FC_REMOTE_PORT_DELET(9) SCSI mid layer FC_REMOTE_PORT_DELET(9)NAMEfc_remote_port_delete - notifies the fc transport that a remote port is
no longer in existence.
void fc_remote_port_delete(struct fc_rport * rport);
The remote port that no longer exists
The LLDD calls this routine to notify the transport that a remote port
is no longer part of the topology. Note: Although a port may no longer
be part of the topology, it may persist in the remote ports displayed
by the fc_host. We do this under 2 conditions: 1) If the port was a
scsi target, we delay its deletion by “blocking” it. This allows the
port to temporarily disappear, then reappear without disrupting the
SCSI device tree attached to it. During the “blocked” period the port
will still exist. 2) If the port was a scsi target and disappears for
longer than we expect, we´ll delete the port and the tear down the SCSI
device tree attached to it. However, we want to semi-persist the target
id assigned to that port if it eventually does exist. The port
structure will remain (although with minimal information) so that the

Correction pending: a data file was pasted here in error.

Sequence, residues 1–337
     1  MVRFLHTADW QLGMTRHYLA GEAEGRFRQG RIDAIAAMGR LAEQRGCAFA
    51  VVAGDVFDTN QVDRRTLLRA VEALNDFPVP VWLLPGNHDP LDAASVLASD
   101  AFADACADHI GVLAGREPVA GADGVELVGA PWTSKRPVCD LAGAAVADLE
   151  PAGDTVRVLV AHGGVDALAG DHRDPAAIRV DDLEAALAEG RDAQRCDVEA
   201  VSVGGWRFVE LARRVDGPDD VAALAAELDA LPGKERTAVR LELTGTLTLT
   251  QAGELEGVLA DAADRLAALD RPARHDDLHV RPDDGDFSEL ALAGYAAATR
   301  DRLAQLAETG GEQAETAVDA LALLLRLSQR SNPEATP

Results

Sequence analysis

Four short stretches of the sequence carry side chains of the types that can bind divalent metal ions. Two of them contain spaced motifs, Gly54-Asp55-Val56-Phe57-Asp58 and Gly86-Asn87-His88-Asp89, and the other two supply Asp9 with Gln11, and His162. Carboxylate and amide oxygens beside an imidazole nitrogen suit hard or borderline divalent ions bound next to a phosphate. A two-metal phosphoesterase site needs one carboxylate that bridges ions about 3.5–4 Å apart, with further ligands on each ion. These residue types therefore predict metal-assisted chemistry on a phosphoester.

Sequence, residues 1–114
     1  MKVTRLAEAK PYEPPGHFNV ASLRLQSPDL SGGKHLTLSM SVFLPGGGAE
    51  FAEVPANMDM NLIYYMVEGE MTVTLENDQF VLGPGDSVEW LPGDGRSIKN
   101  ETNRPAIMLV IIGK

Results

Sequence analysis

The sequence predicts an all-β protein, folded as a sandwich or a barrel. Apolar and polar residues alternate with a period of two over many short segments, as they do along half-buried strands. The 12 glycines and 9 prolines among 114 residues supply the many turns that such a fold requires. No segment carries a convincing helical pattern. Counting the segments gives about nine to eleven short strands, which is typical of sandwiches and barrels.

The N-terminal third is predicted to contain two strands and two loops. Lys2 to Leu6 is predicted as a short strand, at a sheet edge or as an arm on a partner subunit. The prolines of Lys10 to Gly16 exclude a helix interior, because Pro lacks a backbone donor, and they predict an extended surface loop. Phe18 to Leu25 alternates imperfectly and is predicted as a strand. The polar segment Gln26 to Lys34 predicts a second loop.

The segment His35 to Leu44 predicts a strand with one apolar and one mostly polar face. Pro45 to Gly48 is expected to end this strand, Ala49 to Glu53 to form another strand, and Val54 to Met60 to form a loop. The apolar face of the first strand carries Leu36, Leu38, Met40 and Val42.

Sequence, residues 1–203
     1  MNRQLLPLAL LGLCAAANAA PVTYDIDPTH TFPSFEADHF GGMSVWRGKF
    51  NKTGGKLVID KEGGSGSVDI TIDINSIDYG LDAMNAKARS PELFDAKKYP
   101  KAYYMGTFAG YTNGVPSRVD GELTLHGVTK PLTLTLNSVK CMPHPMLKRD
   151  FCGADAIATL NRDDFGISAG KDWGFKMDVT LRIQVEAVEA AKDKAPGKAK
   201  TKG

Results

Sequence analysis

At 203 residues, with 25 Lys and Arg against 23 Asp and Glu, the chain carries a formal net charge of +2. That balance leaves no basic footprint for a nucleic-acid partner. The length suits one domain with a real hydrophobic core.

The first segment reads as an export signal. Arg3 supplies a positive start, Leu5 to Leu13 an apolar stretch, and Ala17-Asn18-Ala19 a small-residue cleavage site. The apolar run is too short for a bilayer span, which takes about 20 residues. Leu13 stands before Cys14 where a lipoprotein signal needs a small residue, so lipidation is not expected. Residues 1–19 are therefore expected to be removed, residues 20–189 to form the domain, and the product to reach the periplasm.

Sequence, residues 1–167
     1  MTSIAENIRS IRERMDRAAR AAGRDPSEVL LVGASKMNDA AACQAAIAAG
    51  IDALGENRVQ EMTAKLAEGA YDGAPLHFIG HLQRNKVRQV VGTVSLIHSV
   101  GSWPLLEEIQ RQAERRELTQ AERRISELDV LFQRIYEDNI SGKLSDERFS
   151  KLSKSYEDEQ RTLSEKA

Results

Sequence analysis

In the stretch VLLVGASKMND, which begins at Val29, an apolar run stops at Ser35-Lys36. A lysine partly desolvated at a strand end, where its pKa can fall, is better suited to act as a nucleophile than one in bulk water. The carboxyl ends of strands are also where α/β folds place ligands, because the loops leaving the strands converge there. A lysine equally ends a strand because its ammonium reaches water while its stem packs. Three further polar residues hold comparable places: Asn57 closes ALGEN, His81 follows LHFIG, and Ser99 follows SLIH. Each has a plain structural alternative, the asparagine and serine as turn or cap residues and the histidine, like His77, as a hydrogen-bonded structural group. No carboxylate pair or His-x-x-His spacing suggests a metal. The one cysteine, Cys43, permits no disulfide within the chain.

target id bindings remails.
If the remote port is not an FCP Target, it will be fully torn down and
deallocated, including the fc_remote_port class device.
If the remote port is an FCP Target, the port will be placed in a
temporary blocked state. From the LLDD´s perspective, the rport no
longer exists. From the SCSI midlayer´s perspective, the SCSI target
exists, but all sdevs on it are blocked from further I/O. The following
is then expected.
If the remote port does not return (signaled by a LLDD call to
fc_remote_port_add) within the dev_loss_tmo timeout, then the scsi
target is removed - killing all outstanding i/o and removing the scsi
devices attached ot it. The port structure will be marked Not Present
and be partially cleared, leaving only enough information to recognize
the remote port relative to the scsi target id binding if it later
appears. The port will remain as long as there is a valid binding (e.g.
until the user changes the binding type or unloads the scsi host with
If the remote port returns within the dev_loss_tmo value (and matches
according to the target id binding type), the port structure will be
reused. If it is no longer a SCSI target, the target will be torn down.
If it continues to be a SCSI target, then the target will be unblocked
(allowing i/o to be resumed), and a scan will be activated to ensure
that all luns are detected.
Called from normal process context only - cannot be called from
This routine assumes no locks are held on entry.
James Bottomley <James.Bottomley@hansenpartnership.com>
Rob Landley <email@example.com>
COPYRIGHTKernel Hackers Manual 2.6. November 2013 FC_REMOTE_PORT_DELET(9)